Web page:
Please don’t make anything of it. I only did it out of goodwill,” says Captain Mohan Bir Singh when I call him. He is a bone marrow donor and a member of RC Chandigarh, his donation has helped save the life of a 13-year-old leukaemia patient in Delhi.
“If my act could inspire some more people, I’m happy. I don’t want any recognition,” he says, reluctantly agreeing for the interview. And true to his words, his action has created a ripple-effect as few of his friends and staff have signed up for bone marrow donation.
Four years ago, Singh, a former Army officer, and his wife, Bandana had registered on the bone marrow registry to save a cancer-afflicted relative. “Though people scared us with a variety of misconceptions, we were firm in our decision to go ahead with the donation,” says Singh. But unfortunately, both their cells tested negative for the match and were stored at Gene Bandhu, a Delhi-based NGO that works to find a matched donor for cancer patients in need of bone marrow transplants.
All discomfort vanished when I learnt that my cells matched 100 per cent with that of the child.
Sometime in July, he got a call from the NGO asking if he was willing to donate his marrow for a blood cancer patient in Delhi. “I instantly agreed, but asked if it was okay to do it after returning from my vacation to Goa that was planned, and they agreed. But when
I was relaxing at Goa, I got a call requesting me to begin the process immediately as it was an emergency and I returned to Chandigarh.” The day, August 3, was his birthday, and the process began.
He had to take injections thrice a day for five days. He felt uncomfortable, tired and had fever and body ache. On the fifth day, he was admitted to a hospital at Mohali and as the doctors couldn’t extract the marrow from his arms, they had to take it from his groin. The entire procedure lasted for seven hours and the extracted stem cells were frozen and taken to Delhi.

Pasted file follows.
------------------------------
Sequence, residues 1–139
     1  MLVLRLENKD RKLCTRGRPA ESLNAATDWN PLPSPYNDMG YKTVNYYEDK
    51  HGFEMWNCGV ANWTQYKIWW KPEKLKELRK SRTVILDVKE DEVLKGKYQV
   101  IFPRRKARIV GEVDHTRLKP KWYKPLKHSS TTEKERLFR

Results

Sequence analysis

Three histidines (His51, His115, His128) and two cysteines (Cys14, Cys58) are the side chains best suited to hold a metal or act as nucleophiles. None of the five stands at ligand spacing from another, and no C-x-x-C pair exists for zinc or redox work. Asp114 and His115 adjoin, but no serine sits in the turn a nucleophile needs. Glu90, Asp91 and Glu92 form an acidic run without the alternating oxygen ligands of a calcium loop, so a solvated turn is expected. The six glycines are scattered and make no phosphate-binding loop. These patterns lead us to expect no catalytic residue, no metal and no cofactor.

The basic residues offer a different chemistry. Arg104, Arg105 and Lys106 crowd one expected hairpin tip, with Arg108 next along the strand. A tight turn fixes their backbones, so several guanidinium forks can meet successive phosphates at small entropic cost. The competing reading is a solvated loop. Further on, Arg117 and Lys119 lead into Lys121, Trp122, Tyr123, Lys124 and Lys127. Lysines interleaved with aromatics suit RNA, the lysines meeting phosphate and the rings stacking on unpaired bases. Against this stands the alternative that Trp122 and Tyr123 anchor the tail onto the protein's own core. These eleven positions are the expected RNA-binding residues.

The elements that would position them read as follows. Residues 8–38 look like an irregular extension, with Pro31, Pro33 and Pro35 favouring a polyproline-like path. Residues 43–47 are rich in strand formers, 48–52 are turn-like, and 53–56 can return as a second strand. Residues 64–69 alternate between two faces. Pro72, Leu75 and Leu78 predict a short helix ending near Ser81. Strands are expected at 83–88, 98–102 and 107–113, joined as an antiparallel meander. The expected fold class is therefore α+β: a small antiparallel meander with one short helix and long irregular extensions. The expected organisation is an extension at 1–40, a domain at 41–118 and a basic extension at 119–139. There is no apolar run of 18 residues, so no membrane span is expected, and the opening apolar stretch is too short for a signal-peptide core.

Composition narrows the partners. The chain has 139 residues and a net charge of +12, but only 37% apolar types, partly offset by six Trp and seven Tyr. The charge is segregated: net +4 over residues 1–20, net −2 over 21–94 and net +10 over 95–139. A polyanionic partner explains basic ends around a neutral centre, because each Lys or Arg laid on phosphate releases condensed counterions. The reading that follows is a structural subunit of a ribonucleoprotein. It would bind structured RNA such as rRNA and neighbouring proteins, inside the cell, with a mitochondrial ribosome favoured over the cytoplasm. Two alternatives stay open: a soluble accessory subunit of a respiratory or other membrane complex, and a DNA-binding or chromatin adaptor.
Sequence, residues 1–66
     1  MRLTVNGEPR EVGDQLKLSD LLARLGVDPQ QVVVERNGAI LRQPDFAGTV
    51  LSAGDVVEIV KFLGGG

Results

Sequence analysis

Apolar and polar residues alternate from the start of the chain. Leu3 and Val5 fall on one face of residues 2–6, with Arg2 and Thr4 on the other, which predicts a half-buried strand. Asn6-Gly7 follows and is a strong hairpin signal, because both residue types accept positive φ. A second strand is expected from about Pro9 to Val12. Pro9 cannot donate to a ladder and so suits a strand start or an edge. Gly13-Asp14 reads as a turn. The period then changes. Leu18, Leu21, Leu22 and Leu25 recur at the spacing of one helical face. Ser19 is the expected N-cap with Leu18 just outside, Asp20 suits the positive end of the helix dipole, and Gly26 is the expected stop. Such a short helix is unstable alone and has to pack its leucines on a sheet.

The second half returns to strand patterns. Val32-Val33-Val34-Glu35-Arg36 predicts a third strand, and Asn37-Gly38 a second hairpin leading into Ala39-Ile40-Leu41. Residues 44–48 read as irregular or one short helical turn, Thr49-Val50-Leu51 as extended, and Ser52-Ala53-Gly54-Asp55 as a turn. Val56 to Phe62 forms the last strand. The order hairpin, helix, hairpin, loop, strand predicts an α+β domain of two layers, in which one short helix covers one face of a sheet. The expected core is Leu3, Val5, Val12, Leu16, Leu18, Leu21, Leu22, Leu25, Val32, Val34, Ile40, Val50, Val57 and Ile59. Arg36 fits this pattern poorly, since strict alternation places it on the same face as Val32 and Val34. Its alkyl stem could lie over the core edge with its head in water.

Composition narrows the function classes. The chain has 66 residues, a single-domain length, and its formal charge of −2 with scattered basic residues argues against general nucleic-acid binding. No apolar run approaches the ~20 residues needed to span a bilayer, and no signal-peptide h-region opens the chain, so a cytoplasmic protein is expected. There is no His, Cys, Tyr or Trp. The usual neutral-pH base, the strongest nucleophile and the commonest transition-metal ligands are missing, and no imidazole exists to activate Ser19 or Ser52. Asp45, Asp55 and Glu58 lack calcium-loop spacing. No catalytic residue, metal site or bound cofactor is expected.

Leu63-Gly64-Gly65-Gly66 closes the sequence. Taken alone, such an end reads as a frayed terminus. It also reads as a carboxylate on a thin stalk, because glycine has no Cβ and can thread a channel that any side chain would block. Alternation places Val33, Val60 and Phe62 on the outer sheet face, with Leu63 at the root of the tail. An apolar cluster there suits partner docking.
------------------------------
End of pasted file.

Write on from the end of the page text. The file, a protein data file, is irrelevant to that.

“But all the discomfort vanished when I learnt that my cells matched 100 per cent with that of the child and that she had 90 per cent chances for survival,” recalls Singh who owns a restaurant in Chandigarh.
He adds that it takes quite a while for the body to get back to total normalcy, though one can resume routine chores and work a day after the procedure. The side effects wear off within a week.
He is happy that the child is doing fine. “I had made it clear that I don’t want to know my recipient because then the entire meaning is lost. It’ll be like charity which is not my intention,” he says.
He has shared his gesture on the social media so that others may be encouraged to replicate.
Public awareness on bone marrow donation is yet to gain momentum in our country and there are just about 20,000 donors registered in the two main registries across India. Over the years the procedure has become much simpler and less painful, says Singh.
Will he repeat the act? “Of course, yes!” he says. And the doctors have told him that he can do so after three months.
Singh is a Rotarian for the past 15 years and his father, late Col A B Singh, was also a member of the same club. He loves Rotary “for the selfless work Rotarians do, the time and money they give generously for the underprivileged, and more importantly, for its work in eradicating polio from India, as also for the numerous corrective surgeries.” He and his architect wife Bandana are regular blood donors.